Eye

Eye of the cat,
Eye of regard,
Eye of the storm,
Calm before the pounce with
No “chuff chuff chuff”
Prayer for prey:
Spacetime for springers.*

–Yip

 

Space-Time for Springers is the title of a perfectly charming science fiction short story by the late Fritz Leiber. Yes, it’s about cats.

Advertisements

Brief Seasons

After a certain age, they do indeed cycle this quickly…

Snow covered trees, crystalline, silent:
A scene from Faerie but
Without the Hunt.

Awake! Awake!
The flowers summon you
On a morning breeze.

Storm clouds roil and
Lightning flares from cloud to ground.
It strikes with sudden shock.

Morning it is,
But the yard is silent.
Where are the swallows?

–Yip

Advise: Bomb Primary

on the bombing of Hiroshima

On the news of the death of Claude Robert Eatherly, with apologies to T.S. Eliot.

“Advise: Bomb Primary”

A million burning people screamed in his brain,
Their eyeballs bubbling, their faces flowing,
Nameless shadows etched in concrete.
The man who fingered Hiroshima
Began dying that day, and each bomb dropped
Struck another mortal blow
Until he returned, no longer at ease,
Robbing the Post Office not for money but his life,
Screaming in the night for the radioactive dead.
But atomic cancer took his voice then
Slowly, slowly sent him to join
The people for whom he had wept.

— Yip in July, 1978

When we speak of the sacrifices veterans make in the fulfilment of their duties, until recently it was usually in reference to the visibly physical: death, dismemberment. Since the Vietnam war, it’s become apparent that the experience of war, including simply be a witness to it, can have crippling consequences. Traumatic Brain Injury, Post Traumatic Stress Disorder (PTSD) and other subtle psychological poisoning can be every bit as consequential as any physical wound. How vulnerable military personnel are to things like PTSD depends in part on the degree to which the individual feels the experience was justified, was necessary.

People who need to justify the atomic bombing of Hiroshima and Nagasaki will find it easy to be cynical about Major Eatherly‘s post-military conversion to anti-nuclear weapons politics. They may be right in their cynicism for all that I know. Motives are such slippery things! But my humble opinion is that whether sincere or feigned, Major Eatherly was also right in his opposition. Furthermore, it is long past time that us civilians need to start taking responsibility for what we are asking military personnel to do on our behalf.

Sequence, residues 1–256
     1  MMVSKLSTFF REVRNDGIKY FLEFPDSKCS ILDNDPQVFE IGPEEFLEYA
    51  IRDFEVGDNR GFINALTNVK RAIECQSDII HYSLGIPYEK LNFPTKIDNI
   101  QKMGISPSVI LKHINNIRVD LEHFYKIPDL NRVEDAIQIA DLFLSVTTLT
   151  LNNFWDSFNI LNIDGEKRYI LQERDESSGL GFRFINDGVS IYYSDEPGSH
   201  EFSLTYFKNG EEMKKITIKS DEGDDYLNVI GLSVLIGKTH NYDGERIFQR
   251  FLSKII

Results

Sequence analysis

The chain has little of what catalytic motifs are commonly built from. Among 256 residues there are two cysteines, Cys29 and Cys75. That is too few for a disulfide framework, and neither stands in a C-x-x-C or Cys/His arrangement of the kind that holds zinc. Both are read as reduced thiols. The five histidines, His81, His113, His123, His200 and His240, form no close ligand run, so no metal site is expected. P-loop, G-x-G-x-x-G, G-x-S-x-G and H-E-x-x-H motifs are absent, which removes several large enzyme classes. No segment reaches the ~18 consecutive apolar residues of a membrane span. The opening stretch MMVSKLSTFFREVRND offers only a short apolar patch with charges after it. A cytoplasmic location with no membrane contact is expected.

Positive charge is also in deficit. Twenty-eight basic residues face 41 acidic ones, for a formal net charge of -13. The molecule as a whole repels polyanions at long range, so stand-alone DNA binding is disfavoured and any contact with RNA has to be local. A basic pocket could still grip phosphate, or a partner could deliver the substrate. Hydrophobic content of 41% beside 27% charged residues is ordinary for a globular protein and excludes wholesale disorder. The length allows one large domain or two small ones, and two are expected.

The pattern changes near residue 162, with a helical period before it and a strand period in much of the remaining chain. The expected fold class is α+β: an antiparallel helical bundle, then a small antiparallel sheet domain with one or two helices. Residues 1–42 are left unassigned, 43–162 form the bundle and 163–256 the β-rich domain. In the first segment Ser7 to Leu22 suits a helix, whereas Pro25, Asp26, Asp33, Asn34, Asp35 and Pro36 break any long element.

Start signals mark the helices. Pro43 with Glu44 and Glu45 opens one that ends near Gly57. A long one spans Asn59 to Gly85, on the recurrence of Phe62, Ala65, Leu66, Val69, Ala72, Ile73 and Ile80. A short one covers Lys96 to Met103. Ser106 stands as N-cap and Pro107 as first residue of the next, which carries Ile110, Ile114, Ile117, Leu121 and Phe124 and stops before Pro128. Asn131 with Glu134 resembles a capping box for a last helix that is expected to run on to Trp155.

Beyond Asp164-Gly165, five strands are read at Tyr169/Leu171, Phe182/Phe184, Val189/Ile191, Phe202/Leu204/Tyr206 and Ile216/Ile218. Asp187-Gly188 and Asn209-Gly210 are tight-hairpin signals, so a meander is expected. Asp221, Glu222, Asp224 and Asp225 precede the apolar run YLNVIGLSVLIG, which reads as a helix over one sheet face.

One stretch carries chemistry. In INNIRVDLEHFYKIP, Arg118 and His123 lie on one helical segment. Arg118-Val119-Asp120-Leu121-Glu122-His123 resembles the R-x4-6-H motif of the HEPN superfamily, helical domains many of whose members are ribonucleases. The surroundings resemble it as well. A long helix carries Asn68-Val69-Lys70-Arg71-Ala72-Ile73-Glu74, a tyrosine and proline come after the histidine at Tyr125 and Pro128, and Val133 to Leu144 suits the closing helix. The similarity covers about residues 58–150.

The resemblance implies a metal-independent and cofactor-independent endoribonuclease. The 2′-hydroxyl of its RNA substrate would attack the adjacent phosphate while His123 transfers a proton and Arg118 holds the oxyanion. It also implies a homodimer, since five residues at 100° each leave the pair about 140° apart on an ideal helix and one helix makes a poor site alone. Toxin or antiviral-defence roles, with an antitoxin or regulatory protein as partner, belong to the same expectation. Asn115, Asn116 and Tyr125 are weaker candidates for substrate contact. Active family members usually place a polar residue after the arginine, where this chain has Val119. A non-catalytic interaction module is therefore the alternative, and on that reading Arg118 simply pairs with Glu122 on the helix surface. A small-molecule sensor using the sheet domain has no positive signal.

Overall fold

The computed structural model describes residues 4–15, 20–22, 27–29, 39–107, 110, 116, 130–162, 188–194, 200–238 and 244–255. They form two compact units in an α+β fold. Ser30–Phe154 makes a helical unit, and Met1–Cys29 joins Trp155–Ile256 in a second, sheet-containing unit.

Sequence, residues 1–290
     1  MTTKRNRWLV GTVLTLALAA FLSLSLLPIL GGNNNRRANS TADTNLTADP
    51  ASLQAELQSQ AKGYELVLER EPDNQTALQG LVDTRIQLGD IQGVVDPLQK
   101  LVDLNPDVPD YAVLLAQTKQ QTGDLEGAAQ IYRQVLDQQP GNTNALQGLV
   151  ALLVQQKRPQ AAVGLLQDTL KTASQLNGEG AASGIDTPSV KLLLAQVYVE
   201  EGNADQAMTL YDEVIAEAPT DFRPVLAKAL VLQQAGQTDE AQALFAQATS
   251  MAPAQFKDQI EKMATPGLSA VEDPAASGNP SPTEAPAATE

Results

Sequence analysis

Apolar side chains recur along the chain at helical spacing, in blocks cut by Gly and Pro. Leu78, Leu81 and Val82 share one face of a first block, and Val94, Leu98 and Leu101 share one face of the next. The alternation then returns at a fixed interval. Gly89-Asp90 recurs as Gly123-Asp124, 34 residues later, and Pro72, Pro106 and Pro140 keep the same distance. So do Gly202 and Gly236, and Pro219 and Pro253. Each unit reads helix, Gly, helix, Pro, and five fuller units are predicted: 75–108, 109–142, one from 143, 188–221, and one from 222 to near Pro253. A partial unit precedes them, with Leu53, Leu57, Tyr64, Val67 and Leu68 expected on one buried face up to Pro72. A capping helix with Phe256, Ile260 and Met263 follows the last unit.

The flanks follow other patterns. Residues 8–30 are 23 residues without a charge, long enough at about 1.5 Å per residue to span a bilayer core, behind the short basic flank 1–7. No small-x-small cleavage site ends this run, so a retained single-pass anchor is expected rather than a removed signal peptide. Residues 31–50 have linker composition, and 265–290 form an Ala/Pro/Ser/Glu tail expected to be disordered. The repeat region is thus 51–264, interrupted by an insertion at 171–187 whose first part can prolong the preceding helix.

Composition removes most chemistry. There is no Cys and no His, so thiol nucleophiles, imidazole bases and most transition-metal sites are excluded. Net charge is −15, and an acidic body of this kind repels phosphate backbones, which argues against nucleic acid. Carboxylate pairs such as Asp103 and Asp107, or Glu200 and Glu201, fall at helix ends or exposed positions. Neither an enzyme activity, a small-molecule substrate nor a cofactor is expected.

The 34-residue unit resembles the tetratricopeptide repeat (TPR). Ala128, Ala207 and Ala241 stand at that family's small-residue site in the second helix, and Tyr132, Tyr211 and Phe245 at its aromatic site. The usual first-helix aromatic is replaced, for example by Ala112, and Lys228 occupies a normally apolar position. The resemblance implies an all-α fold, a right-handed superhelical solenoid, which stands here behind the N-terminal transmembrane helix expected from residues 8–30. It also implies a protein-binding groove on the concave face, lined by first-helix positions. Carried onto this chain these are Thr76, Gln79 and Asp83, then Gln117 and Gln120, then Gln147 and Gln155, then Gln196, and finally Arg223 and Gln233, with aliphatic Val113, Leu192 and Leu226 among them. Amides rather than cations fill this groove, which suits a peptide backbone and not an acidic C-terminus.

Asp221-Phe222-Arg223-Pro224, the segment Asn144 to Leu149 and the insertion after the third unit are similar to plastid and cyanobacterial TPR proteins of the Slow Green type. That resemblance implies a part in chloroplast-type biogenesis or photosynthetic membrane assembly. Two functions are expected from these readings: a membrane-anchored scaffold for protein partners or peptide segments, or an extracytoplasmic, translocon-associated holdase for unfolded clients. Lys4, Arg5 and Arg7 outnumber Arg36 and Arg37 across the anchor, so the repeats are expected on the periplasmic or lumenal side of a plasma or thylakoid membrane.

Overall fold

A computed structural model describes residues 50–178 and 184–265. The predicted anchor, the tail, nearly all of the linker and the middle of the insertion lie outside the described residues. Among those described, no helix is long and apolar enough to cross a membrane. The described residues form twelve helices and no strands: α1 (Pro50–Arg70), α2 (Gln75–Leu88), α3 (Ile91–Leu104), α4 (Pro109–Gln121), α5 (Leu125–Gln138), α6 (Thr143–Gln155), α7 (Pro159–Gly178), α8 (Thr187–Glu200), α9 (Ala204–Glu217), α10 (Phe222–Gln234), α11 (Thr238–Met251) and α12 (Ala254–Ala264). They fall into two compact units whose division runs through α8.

Were the bombings necessary or justified? This is an old question that is vehemently argued, to the point that the National Air and Space Museum found it easier to display the Enola Gay (the aircraft that atom bombed Hiroshima) without any discussion of the historical context. My armchair general opinion is that if you assume that an invasion of the Japanese home islands was necessary then it’s a moral toss-up. But Japan had already lost the war, getting their leadership to admit it was the issue. It’s possible that a brief blockade could have done the trick as well.

That leaves politics as the deciding factor, and there I’m inclined to agree with those who argue that this was an act intended to nail down the Pacific edge of an American empire, and was aimed as much at the Soviet Union (a country with imperial ambitions as well) as at Japan. That said, the effects of the bombings were so spectacularly horrendous that they may have helped keep the subsequent Cold War as cool as it ended up being. We’ll never know.

Gratitude

Exotic, erotic, she’s by your side,
Her shadow dark hair blown wild in love’s sleep.
You stir; she wakes and looks in your soul with
Kaleidoscope eyes that hold the dawn sky.
A smile haunts her lips; you touch her then kiss,
First there then here, tasting sweetness and salt.
You hold her quite close and feel her living!
Her lungs breathing and her heart beating!
Her muscles stretch-contract. And here’s her spine;
There’s her ribs, then up to her breast where love
Swells gently under your hand as you move.
Touch, warm silky smoothness, firm, soft and rough,
Engulfs you in waves of sensual affection,
Engulfs you in waves of sensuous love.

— Yip

 

Photo by Pixabay

Palindrome

by Anna Akana

No, I am not an Anna Akana fan… but here she is again.

It’s odd. The YouTube page includes the poem as text. IMHO, it really doesn’t work. Words on a page (or screen), the poem is dead on arrival. But as performed, with animation by Jennifer Ruiz, the poem becomes alive. I like it alive. But then, I’m biased toward poetry being a performance art rather than literature.